So to celebrate our 10th anniversary we’ve launched a fundraiser, with all money raised going towards making Sounds and Colours even bigger and better. As part of that campaign, you can buy our compilation of new Latin American music (have a listen:…/sounds-and-colours-…), pre-order a 10 Years anniversary book and also buy some amazing perks donated by Mr Bongo, Mais Um, And Other Stories, Songlines, Names You Can Trust, ZZK Records / Zizek Club, Peace & Rhythm, Discos Rolas, Movimientos and Soundway Records, as well as grab a few choice items from my record collection!

You can find out more about the campaign at…/sounds-and-colours-10…/x/627815…

Thanks for reading!

Quipomundo Is Go! / El Dragón Criollo in Afropop

Every now and again I get asked to run music PR campaigns for upcoming releases, so I figured the time was now right to make things a bit more official and set up a brand for doing just that.

Hence, here’s Quipomundo, a new company specialised in Global Music PR. Led by myself, but also using frequent collaborators as needs be.

My first campaigns are for El Palmas Music, a record label based in Barcelona led by Venezuelan Maurice Aymard. Maurice has been releasing music in various forms for many years, but with El Palmas he is focusing on music close to his roots, getting into tropical sounds, and they have some exciting releases on the horizon.

One of these is a split 7″ single featuring tracks by two Colombian producers, El Dragón Criollo and La Jungla. You can listen to the tracks here.

I’m also very excited that, as part of the campaign for this release, Afropop agreed to premiere the video on their site.

Check out their site to watch the video and find out more about the release.

Sounds and Colours’ Best Albums of 2019

As is always the case myself and the rest of the Sounds and Colours team (which just keeps on growing!) ran a poll to find out our favourite albums of the year at the end of last year, resulting in our list of the 25 Best Albums of 2019, a fine selection to some of the great things that came out of Latin America and its diaspora last year.

We also put together this Spotify playlist featuring tracks from our favourite albums:

New Role as Songlines News Editor

Very happy to say that I recently took on a new role as Songlines News Editor which means I will be in charge of putting together the News section of Songlines magazine every month, starting from the March edition.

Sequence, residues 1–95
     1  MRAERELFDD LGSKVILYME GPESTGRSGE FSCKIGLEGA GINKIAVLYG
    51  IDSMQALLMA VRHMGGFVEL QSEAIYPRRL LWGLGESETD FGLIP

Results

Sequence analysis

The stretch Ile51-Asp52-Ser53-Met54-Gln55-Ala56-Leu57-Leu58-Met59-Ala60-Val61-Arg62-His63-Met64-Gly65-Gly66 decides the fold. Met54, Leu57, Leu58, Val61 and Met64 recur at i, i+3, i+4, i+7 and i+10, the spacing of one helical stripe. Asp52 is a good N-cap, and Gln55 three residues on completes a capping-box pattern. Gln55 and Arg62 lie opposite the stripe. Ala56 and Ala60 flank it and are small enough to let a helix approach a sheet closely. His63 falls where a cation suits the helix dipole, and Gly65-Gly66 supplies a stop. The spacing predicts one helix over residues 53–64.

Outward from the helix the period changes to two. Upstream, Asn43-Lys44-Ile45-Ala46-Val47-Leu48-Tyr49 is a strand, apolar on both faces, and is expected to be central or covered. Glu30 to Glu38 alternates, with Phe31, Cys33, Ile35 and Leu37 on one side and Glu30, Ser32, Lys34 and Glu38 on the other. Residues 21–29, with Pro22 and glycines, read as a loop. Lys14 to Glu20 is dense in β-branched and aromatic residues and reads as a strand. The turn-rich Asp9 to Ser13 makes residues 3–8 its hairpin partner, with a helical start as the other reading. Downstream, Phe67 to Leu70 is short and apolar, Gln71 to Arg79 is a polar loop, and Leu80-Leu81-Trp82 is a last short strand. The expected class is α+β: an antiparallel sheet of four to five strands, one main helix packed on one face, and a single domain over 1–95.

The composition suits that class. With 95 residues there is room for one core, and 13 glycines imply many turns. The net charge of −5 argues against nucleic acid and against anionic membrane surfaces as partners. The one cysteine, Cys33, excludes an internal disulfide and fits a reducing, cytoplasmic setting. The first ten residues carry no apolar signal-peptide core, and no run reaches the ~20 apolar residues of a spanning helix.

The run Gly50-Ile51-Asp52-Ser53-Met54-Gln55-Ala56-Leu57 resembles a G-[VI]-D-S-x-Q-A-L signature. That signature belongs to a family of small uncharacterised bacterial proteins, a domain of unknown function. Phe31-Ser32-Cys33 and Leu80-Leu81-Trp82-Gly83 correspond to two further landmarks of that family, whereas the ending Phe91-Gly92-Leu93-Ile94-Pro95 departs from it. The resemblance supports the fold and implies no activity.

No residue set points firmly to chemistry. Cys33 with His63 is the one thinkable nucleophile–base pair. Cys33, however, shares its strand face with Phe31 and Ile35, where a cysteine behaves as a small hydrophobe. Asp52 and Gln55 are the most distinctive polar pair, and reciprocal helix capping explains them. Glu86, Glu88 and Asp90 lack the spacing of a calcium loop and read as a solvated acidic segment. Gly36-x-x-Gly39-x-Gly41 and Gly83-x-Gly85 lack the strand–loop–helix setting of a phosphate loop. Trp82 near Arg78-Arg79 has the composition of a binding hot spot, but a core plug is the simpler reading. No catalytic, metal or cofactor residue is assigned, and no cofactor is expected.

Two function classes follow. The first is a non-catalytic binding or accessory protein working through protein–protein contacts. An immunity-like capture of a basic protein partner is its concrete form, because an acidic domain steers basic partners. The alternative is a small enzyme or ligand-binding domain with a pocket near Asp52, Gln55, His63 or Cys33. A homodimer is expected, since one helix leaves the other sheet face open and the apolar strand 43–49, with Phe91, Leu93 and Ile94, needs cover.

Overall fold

So, if you have any ground-breaking and/or scintillating news on world music please send it my way.

Latin Jazz Article in The Vinyl Factory

A little while ago I wrote an article for the Vinyl Factory, picking out some of my favourite Latin Jazz albums, which has just gone live. This one got a little controversy on the Vinyl Factory Facebook page as some felt that Latin jazz should be limited to jazz focused on Afro-Cuban rhythms. This seems a bit restrictive to me, as it excludes all jazz made from across Latin America that takes its cues from elsewhere. Clearly, there is also an established genre of Brazilian jazz, which could have been excluded from this list, but again, by very definition, Brazilian jazz should be included within the genre as it’s jazz that takes inspiration or has its roots in Latin rhythms and instrumentation.

See what I chose below:

That Brazilian Beat

It seems I can never quite get away from Latin music (not that I’d want to anyway). While recently reading Ken Emerson’s book Always Magic in the Air, brushing up on New York pop music from the 50s and 60s (songwriters like Bacharach and David, Lieber and Stoller, Goffin and King, and Mann and Weil) it was pointed out that the rhythm to Ben E. King’s “Stand By Me”, The Drifters “Under The Boardwalk” and The Ronettes’ “Be My Baby” all stemmed from the Brazilian baião beat (written in Emerson’s book as the Anglicised baion). Listening to these tracks now, this is blatantly obvious, but I guess I never put the pieces together. Just listen to that opening gambit from “Be My Baby” or the rhythm of “Stand By Me”, whose scraper is clearly influenced by Latin music too:

Emerson puts the influence of Latin music on primarily Jewish songwriters and producers like Leiber & Stoller and Phil Spector as being down to their proximity to Latin communities, such as the Puerto Ricans, in New York, as well as the popularity of baião beat, which had arrived from Brazil. Little is said about exactly how this beat arrived in the US though some quick Google searches reveal that the performance of “El Negro Zumbón” in the 1952/53 Italian movie Anna may have been one of the first instances of it being heard in the States. Here’s that track below:

I think I may have to do some more digging on how this beat, which originated in the north-east of Brazil, was defined and popularised by the rural singer/songwriter Luiz Gonzaga, reaching national fame there in the 40s and 50s, and then found its way north to become a hugely important rhythm in global pop music. Definitely an interesting avenue to explore.

Writing and Editing by Latin American music expert Russell Slater